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Choosing the Best Pressure Washers, and Pressure Washing Equipment!
Of course, commercial pressure washers and industrial pressure washers require much heavier components than home pressure washers. Unfortunately, many commercial and industrial users make the mistake of buying home pressure washers because they are cheaper; will never withstand commercial and industrial workloads. The end result is pressure washer failure and a lifespan that will most likely be a fraction of that of more powerful commercial and industrial pressure washers.
Pressure washers and general pressure washing equipment they are used every day by commercial cleaning contractors, facility maintenance, food manufacturing, manufacturing, property maintenance, graffiti removal, car washing and many other applications. Commercial and industrial pressure washers are manufactured with industrial grade pumps, motors and other high performance components. The type of pressure washer is highly dependent on the application of the pressure washer.
Pressure washers come in different variants viz cold water pressure washers, hot water pressure washers and steam pressure washers. Cold water pressure washers release water at a temperature similar to the inlet water temperature and are good for general cleaning of dirt and many other substances that do not need to be removed by heat.
Hot water pressure washers, which typically reach temperatures up to 200°F, are good pressure washers for applications aimed at removing grease, oil, and other substances that cold water pressure washers either cannot remove well or otherwise take too much time. remove them efficiently and productively.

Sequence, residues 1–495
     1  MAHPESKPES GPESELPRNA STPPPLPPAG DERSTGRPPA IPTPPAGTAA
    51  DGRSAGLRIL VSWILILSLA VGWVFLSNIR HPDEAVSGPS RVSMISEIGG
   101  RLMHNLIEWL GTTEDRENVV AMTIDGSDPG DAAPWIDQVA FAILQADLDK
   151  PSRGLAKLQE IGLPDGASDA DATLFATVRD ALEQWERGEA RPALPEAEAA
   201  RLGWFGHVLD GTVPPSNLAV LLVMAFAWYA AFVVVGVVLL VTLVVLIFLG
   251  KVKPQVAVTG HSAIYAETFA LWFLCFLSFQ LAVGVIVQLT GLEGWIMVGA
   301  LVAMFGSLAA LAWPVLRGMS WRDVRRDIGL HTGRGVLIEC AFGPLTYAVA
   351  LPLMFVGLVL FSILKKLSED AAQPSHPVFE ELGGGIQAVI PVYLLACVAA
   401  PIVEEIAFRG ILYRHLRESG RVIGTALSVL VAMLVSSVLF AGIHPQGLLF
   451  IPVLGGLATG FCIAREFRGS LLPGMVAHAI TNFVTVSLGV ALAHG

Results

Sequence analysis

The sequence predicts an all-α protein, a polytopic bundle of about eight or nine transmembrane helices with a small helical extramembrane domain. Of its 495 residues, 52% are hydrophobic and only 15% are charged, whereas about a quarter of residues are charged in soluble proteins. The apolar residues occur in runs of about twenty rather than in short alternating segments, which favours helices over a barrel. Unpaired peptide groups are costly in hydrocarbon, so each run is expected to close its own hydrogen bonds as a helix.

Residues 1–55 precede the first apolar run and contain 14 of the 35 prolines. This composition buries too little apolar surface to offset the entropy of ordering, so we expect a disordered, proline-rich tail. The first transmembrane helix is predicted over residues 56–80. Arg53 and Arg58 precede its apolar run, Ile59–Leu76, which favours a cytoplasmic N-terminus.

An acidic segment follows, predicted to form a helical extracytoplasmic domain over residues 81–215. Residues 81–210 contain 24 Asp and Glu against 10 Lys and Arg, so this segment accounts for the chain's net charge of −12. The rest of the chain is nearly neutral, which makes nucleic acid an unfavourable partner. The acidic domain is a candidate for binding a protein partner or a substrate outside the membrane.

Hot water pressure washers work better than cold water pressure washers for cleaning auto detailing, truck and construction equipment, food contact surfaces and much more.
Steam pressure washers use heating coils to reach temperatures up to 330°F and are far superior to cold water pressure washers or hot water pressure washers when it comes to removing dirt, grease, food, chewing gum on concrete, graffiti and countless others. other substances. Stainless steel or heavy carbon heating coils offer the best reliability and help create ultra-high temperatures that make all the difference in the world.
Another advantage of steam pressure washers is that they do not require chemicals as cold water pressure washers and many hot water pressure washer applications would. High pressure steam washer temperatures are excellent for sanitizing and sanitizing better than hot and cold water pressure washers. We only recommend eco-friendly cleaning chemicals with 100% organic ingredients if you want to add extra cleaning power to your overall cleaning process.
Steam pressure washers use propane, kerosene, gasoline, or heating oil to create what is essentially “wet steam.” We emphasize “wet steam” because the high-temperature wet stream is critical not only for dissolving substances, but also for washing them away.